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Monday, March 20, 2006

Holloway Talks About His (Non) Job, his Past & His Future

Bristol Evening Post on Holloway

11:00 - 20 March 2006

Ian Holloway has been involved in football all his life. From the moment he first kicked a ball with his late father Bill, the Bristolian was absorbed by the game. Signed by Bristol Rovers in his teens, Holloway embarked on a professional career that also took in spells with Wimbledon, Brentford and, most notably, in the Premiership with QPR.In 1996 he moved into management with the Pirates before succeeding Gerry Francis at Rangers.Holloway has always been fiercely committed to the sport and the club he represents.Yet now, for the first time in almost 30 years, the 43-year-old has been frozen out of the game he loves - and it hurts.
Holloway was relieved of his duties as QPR manager last month, told to stay away from the club and placed on 'gardening leave.'Holloway has taken the advice literally and spent the last few weeks doing gardening and DIY at his house in St Albans - but he admits it hurts."Frustrating isn't the word, it's like part of you is missing," said Holloway. "It's a bereavement, me without football."
But I've had some time to reflect, had some time to get back to what's important."Sometimes you can get the balance wrong between what is really vital, which is your family, your wife and your kids."What I have learnt is that no matter how hard you try, football is not what you think it is."I'm not even allowed to go there (QPR) any more. I'm not allowed to ring any of my players."When I get into a relationship, I am committed, that's it. And unfortunately, the way I earn my money, it kicks you every now and again."
This is the second time it's happened and I'm looking forward to the start of the third venture, whatever that is."I'll always give it 100 per cent and if that isn't good enough, then I won't apologise. I'll just pick up my bags and start again somewhere else. That's all you can do."
The first time Holloway was forced to relinquish a management role came in January 2001, when he was sacked as Rovers boss.Having taken the Pirates to the brink of promotion to what is now the Championship in the 1999-2000 season, the fiery boss saw star strikers Jason Roberts and Jamie Cureton sold during the close season.Inevitably the side struggled the following season, ultimately being relegated to the Football League's basement division.It was a tough time for Holloway, who, despite linking up with Rangers soon after, took a while to get over the disappointing end to his Rovers love affair."I've been away from Bristol for a long time now and there were things that happened at the end (in 2001) that were in danger of souring my whole experience," he said."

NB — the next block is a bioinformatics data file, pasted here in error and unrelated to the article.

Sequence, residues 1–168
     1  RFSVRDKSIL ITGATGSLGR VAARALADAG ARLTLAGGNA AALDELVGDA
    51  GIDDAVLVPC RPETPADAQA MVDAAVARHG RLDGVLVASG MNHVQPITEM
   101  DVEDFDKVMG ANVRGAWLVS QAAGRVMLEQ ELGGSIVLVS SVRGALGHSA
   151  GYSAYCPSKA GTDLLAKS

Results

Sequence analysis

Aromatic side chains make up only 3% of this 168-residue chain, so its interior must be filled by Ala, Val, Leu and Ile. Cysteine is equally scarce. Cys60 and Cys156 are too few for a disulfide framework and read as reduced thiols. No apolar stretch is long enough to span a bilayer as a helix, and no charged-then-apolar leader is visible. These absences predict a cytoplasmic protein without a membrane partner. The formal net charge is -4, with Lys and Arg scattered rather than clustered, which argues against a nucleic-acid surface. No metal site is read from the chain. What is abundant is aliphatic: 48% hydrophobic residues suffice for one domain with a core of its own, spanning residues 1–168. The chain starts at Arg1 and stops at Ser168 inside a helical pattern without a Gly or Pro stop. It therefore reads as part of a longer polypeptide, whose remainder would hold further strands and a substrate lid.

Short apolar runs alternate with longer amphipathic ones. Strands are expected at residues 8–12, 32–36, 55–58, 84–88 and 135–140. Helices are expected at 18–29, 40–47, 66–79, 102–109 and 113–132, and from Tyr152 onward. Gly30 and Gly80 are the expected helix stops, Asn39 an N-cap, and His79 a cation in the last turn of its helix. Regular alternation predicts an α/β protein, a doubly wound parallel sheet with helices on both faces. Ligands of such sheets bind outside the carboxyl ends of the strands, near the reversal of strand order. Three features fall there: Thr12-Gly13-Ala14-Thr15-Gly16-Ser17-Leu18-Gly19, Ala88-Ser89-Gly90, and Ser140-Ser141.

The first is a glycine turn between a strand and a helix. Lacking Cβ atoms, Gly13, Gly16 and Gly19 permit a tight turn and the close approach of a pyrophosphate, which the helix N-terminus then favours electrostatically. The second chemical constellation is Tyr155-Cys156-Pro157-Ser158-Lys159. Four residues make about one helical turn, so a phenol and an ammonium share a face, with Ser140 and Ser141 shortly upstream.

I'm Bristol born and bred and I've always been proud of that."All I ever did was wear my heart on my sleeve and if that offended some people then I apologise."I probably learnt over the years and I was out of order sometimes when I first started."Some of the things at the end hurt, like some of the Gasheads singing 'You don't know what you're doing' - how they were that astute and knew, I don't know!"Holloway makes a rare return to his home city tomorrow when he links up with rugby celebrity Gareth Chilcott for a Sporting Dinner at Jury's Hotel.The show was sold out weeks ago, highlighting how popular 'Olly' remains throughout Bristol."I'm looking forward to coming back," he said. "
You never forget your roots."At the moment the show is a breath of fresh air for me because my situation is not very nice."It's part of my occupation but to come back to Bristol and see some friendly faces will be great."Hopefully the night will be different. I've seen a lot of after dinner speaking where there's not enough inter-action. We want people to join in, which is vital."With his obvious Rovers loyalties, Holloway is bracing himself for the presence of City fans at tomorrow's show.But he also realises how important the inter-city rivalry is."All I've learnt since I've been outside of Bristol is how much it means to me," added Holloway."The sporting rivalry between Rovers and City is so important. The clubs need each other, that healthy competition is essential."Maybe it's not healthy enough. I'm blue, I always have been, but without the reds, I wouldn't be the same. That's what it's all about."Holloway's enforced absence from football over recent weeks has also led to a period of self-examination."I'm 43 now and I'm learning all the time," said Holloway."
You adapt and change through life and I'm looking forward to whatever happens next."It's a new chapter in my life for me. My daughters are growing up and my son's passed his driving test."If you'd have told me that my little 'un is now driving a car, it's scary and I wouldn't have believed it."My whole life is changing. My daughters are going to go to college in Exeter, my boy is driving now and we've only got one child to get through school."I've been at it solidly for 10 years, thrown in the deep end at Rovers, and at times I needed armbands because it's not easy being a football manager, particularly without all your badges and your education."I'm having to catch up on that and I'm enjoying it as well."I've got a plan of action, as far as I can, because my future is in someone else's hands. But watch this space."Watch this space we most certainly will, because with Ian Holloway there is never a dull moment.Big personalities:Happier times:Kicking his heels:

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